Bruce Springsteen and the E Street Band
Allphones Arena, February 19, 2014
It’s a communal thing. A two-way street. A give and you shall receive understanding we all grasp, on stage or off.
It’s why this night is not really like any other night. It’s not just Bruce Springsteen, it’s not even just Bruce Springsteen and the E Street Band; it’s them and us as one sweating entity.
That roof-raising exultation in the soul-rousing, gospel power of Land Of Hope And Dreams or the way there’s open sky hope out of grimness in Badlands? We are part of the reason for it, pushing with this 17-piece band that leads but shares rather than dominates.
The hushed air and quiet despair of Racing In The Streets? Everyone holds their breath and lets it through so it can reach that little bit further in you. That ripple of excitement as the opening notes of INXS’s Don’t Change are recognised? It washes from the floor to the stage and then returns, doubled, as the song runs free like some galloping brumby.
Notes from the moshpit: When the appallingly trim and taut Springsteen (“I’m sixty-fucking-five”) makes first foray into the audience and on to the ramp midway down the room there’s lots of touching. “I squeezed his biceps,” said an excited local songwriter. “It’s so big.”
It is a big band and not everybody is needed all the time – Five guitars? Who does that? – but what’s fascinating is how everybody is committed all the time. There’s no dropping off in the brass section in a quiet part, no aimless strumming during a solo.
Everyone has a role, an element they contribute, whether it is a look they exchange, a gesture to the crowd, Steve Van Zandt’s presence as the benign consigliere, Eddie Manion taking all the sax solos in the forced absence of Jake (and of course, Clarence) Clemons as if he’d always done them, the solidity of Garry Tallent and Roy Bittan or the verve and fire of Nils Lofgren’s out of nowhere solo in Prove It All Night.
Notes from the moshpit: There’s a couple who have taken the fandom thing to the point of naming their children after their favourite song’s characters. “Our daughter is Mary, our son is Danny,” their sign says. “Please play Frankie.”
Among the scrawled and smudged text in a notebook worked heavily for three hours, one word leaps out regularly and clearly: energy. The energy of Max Weinberg who at first looks super solid and powerful, then becomes the unrelenting and unequivocal base on which all flourishes, all side trips, all explosions spring from.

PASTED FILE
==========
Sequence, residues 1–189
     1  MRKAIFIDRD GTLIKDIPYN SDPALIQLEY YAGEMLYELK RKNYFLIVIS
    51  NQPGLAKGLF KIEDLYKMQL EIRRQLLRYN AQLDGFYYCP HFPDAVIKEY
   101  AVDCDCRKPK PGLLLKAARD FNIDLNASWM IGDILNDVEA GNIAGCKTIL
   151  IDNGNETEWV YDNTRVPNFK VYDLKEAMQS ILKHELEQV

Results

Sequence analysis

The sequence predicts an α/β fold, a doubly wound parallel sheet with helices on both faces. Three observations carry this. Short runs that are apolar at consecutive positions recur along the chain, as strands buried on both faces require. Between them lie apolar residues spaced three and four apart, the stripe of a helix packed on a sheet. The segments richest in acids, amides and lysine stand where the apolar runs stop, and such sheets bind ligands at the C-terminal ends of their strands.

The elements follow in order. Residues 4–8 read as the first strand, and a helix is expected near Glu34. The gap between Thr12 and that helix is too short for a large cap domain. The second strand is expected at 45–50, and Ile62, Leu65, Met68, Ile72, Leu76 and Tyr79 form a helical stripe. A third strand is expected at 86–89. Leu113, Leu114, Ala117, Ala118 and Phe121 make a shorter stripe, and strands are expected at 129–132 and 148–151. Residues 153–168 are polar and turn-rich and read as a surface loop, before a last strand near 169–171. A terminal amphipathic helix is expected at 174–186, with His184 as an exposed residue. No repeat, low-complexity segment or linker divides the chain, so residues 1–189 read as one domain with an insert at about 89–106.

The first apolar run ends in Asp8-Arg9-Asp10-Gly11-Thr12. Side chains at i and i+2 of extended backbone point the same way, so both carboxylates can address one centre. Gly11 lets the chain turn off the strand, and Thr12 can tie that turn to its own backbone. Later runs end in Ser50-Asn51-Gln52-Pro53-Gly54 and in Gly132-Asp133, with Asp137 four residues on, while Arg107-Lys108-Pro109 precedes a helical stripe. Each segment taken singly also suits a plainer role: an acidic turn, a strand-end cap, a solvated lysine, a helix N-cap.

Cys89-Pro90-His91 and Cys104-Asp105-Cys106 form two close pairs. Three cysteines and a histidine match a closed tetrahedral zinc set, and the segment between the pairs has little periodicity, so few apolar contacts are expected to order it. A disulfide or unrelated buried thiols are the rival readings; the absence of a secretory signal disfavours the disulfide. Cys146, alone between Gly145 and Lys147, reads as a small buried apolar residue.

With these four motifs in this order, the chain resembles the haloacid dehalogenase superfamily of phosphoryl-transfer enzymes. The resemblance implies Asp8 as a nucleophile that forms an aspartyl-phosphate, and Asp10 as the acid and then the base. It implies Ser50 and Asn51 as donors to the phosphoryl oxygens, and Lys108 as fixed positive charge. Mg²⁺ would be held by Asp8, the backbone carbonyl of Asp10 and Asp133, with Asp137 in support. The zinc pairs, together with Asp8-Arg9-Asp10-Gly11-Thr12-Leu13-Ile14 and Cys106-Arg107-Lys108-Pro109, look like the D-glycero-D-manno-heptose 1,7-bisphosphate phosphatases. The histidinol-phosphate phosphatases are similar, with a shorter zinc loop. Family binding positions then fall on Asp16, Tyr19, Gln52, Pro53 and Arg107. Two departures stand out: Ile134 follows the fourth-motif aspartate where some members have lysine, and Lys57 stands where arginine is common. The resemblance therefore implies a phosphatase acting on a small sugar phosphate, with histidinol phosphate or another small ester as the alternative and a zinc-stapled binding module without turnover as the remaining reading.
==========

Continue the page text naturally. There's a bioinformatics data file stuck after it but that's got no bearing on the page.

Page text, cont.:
The energy that Tom Morello – not a universally appreciated addition to the E Street Band – has added: a pointed edge, a dirtier layer and, in The Ghost Of Tom Joad, a thrilling power.
And of course, the energy of Springsteen himself who runs, grabs, falls, rises, engulfs, invites, sweats, is carried by us and in turn carries us, right to the voice-and-harmonium intimate closer of Dream Baby Dream.
Notes from the moshpit: After Springsteen falls back into the mosh to be carried, crowd-surfing, to the stage, people rush from everywhere to be part of it, to lay on hands, to, frankly, grope. That excited local songwriter returns beaming. “I just grabbed Bruce Springsteen’s arse ... it’s so firm.”
In Melbourne they got Born To Run and Born In The USA albums played in full mid show. Can’t complain about those crowd pleasers. But there’s a gasp through the room when the wished-for full run through of Darkness On The Edge Of Town - the diehard’s choice, the album which has that classic Springsteen motif of hope-out-of-grimness – is unveiled. For some here it’s already bucket list item ticked off.
Notes from the moshpit: There’s a couple of Wiggles down here, quite a few musicians and a bunch of ABC TV faces, as excited as anyone. One of the ABC mob has a hastily fashioned sign: “It’s my birthday. Dance?!”. It really is her birthday but she’s not one of the chosen during Dancing In The Dark and comically stamps her feet in disappointment.
Moments later though she’s punching the air during 10th Avenue Freeze-Out, sharing a grin with the three tall men in front her, throwing back the heat and laughter the band (still agog at the pace at which they had played Born To Run) are giving off. Lost in it. Together.
It’s a communal thing. A two-way street. A give and you shall receive understanding.
Setlist: Friday on My Mind Out in the Street Cadillac Ranch High Hopes Just Like Fire Would Spirit in the Night Badlands Adam Raised a Cain Something in the Night Candy's Room Racing in the Street The Promised Land Factory Streets of Fire Prove It All Night Darkness on the Edge of Town Darlington County Shackled and Drawn Waitin' on a Sunny Day The Ghost of Tom Joad Land of Hope and Dreams * * * Don't Change Born to Run Dancing in the Dark Tenth Avenue Freeze-out Shout Surprise Surprise (solo acoustic) Dream Baby Dream (solo)